As we slide into the topic of happiness, we have a few questions for you to ponder – consider them the stretching before a little mental workout:
- So why does it seem we gravitate towards suffering and disappointment? We focus on what we don’t have rather than what we do. We focus on the shortcomings of others rather than their gifts. We constantly attach our happiness to expecting specific outcomes.
- Is there a difference between pleasure and happiness that we must understand to be truly happy?
- Should we proceed in our quest for real happiness by striving for the perfect external life conditions?
A great philosophical leader once said, “If you are going to strive for the external trappings of pleasure – a life in a penthouse apartment for instance – but you are not truly happy within… all you will eventually do is look for a window to jump out.”1 Wise advice. Let’s see if we can bring things around to a place where happiness is something you choose ahead of time, fundamentally, aside from external circumstances…
First, I am recommending this amazing book, “Happiness,” on the subject of finding true happiness. (You can find it via the link under the image below.) And you may remember that I don’t recommend books to anyone unless they are extraordinary and this one is simply transformational if you need a boost when it comes to this subject.
The book “Happiness” holds a permanent place by my bedside or is within arms reach in my briefcase at all times,.. even in my dental office! I have a lot of books, but this book feels almost like a friend who’s right there when you need to bounce something off a wise, receptive ear. If I’m feeling any kind of inner struggle, or can’t seem to come up with a better questions to solve a problem, I often crack it open randomly and read what my eyes fall upon for answers. Nine times out of ten, I come away smiling and shaking my head at the insight I found there. My copy (shown below) of author Matthieu Ricard’s masterpiece has more underlining and chicken-scratchings than any other book I own.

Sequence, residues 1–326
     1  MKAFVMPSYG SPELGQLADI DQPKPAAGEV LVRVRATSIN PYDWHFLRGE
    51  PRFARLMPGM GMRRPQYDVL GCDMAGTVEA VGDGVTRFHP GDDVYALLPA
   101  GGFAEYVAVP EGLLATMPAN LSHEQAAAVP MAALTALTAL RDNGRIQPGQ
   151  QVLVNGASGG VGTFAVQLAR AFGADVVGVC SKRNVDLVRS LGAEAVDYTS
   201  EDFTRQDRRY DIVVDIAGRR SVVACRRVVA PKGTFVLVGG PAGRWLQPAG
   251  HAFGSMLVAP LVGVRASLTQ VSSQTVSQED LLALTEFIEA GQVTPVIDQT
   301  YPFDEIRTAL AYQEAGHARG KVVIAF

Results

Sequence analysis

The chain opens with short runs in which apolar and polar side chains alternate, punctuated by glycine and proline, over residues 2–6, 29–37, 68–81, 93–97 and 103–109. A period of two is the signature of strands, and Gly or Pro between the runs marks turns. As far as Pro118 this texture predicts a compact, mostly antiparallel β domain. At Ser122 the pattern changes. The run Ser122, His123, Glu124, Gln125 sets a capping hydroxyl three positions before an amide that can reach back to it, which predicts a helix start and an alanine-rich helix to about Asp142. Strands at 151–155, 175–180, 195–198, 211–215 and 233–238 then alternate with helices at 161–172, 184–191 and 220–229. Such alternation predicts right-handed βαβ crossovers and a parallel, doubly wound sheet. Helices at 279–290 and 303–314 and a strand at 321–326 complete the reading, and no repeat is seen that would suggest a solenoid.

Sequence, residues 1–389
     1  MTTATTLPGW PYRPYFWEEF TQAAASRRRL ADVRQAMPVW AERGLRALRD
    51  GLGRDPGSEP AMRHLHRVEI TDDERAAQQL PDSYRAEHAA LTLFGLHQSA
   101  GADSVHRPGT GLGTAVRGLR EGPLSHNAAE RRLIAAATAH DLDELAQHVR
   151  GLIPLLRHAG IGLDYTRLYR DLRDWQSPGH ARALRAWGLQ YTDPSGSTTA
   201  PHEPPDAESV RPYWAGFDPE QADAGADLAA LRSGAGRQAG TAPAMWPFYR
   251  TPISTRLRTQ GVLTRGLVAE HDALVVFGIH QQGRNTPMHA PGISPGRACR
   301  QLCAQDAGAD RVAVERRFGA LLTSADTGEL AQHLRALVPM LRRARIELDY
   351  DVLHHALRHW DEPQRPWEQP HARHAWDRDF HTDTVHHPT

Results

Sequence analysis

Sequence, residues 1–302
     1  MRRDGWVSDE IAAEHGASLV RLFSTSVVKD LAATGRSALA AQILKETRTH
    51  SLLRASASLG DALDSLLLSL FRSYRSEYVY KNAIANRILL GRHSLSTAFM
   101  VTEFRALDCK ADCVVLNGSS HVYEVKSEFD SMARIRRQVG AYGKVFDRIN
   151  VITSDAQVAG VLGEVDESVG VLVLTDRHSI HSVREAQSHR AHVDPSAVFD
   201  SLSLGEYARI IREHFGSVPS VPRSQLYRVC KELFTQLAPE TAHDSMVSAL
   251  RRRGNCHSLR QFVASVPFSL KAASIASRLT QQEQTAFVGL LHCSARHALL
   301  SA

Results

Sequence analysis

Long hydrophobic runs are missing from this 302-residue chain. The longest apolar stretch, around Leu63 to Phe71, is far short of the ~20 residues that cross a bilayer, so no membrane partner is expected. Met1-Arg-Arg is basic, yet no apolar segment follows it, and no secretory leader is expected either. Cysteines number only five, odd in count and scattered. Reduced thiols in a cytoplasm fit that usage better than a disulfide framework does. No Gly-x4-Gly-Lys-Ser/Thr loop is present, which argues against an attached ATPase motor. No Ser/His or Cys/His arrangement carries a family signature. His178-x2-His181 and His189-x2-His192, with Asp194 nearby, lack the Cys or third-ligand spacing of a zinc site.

The beautiful thing about my book recommendation today is that the author, Matthieu Ricard, happens to have a transformational TED Talk that will give you a tiny taste of the concepts in his book. Like all things video versus written,.. the book is far better than the talk because in the book Matthieu has time to take you on many little “thought journeys” that make his points indelible. Keep that in mind if Matthieu’s introduction here leaves you only curious.
Also, FYI: the beginning of the happiness book is a bit slow if you don’t enjoy learning how this extraordinary man became who he is today. The first 20 pages or so are his biography but hang in there. The pearls are scattered throughout and eventually he takes insight to a place where you will have to pause and think a bit on almost every page.
So without further adieu, here’s the Mr. Ricard giving you a small taste of the insights he’s earned through years of mindfulness practice… In a life that ranged from being a biochemist to a monk. Relax with this one folks,.. it takes him about 4 minutes to get rolling,.. be patient with Matthieu,.. and yourself! And you will be rewarded. (And remember this is just the tip of the iceberg that you’ll find in the book.) Enjoy!
A little too mind-bending for you? I had to watch it several times because my mind kept getting stuck on some of his assertions and then I’d miss huge segments. There’s a lot to ponder there.
That’s the way the book is too. I don’t think I’ve ever read more than a few pages at a time because he has a way of laying things down like bread crumbs to insights about our own moments in life.
Have some fun with this, even if you didn’t “get” it the first time through. Then try using some of the insights in your family or work environments.
You may know I’ve managed a team of 15 professionals for twenty years. Oh, how I wish I’d had these insights a decade ago! I’ve seen situations on my own office team where people seem we gravitate towards suffering and disappointment; focusing on what they don’t have in a co-worker, rather than what they do. Why do we focus on the shortcomings of others rather than their gifts? It’s easy to do that with our children and other loved ones too.
I’m going to try to be more mindful of the commentary swirling inside my head today and see how much goodness I’m choosing to miss.
Still curious about happiness? Scroll down to the bottom of this page to find 6 more articles I can recommend. Meanwhile, I’ll keep working on staying open, curious and hopeful.
~ Dr. Lynda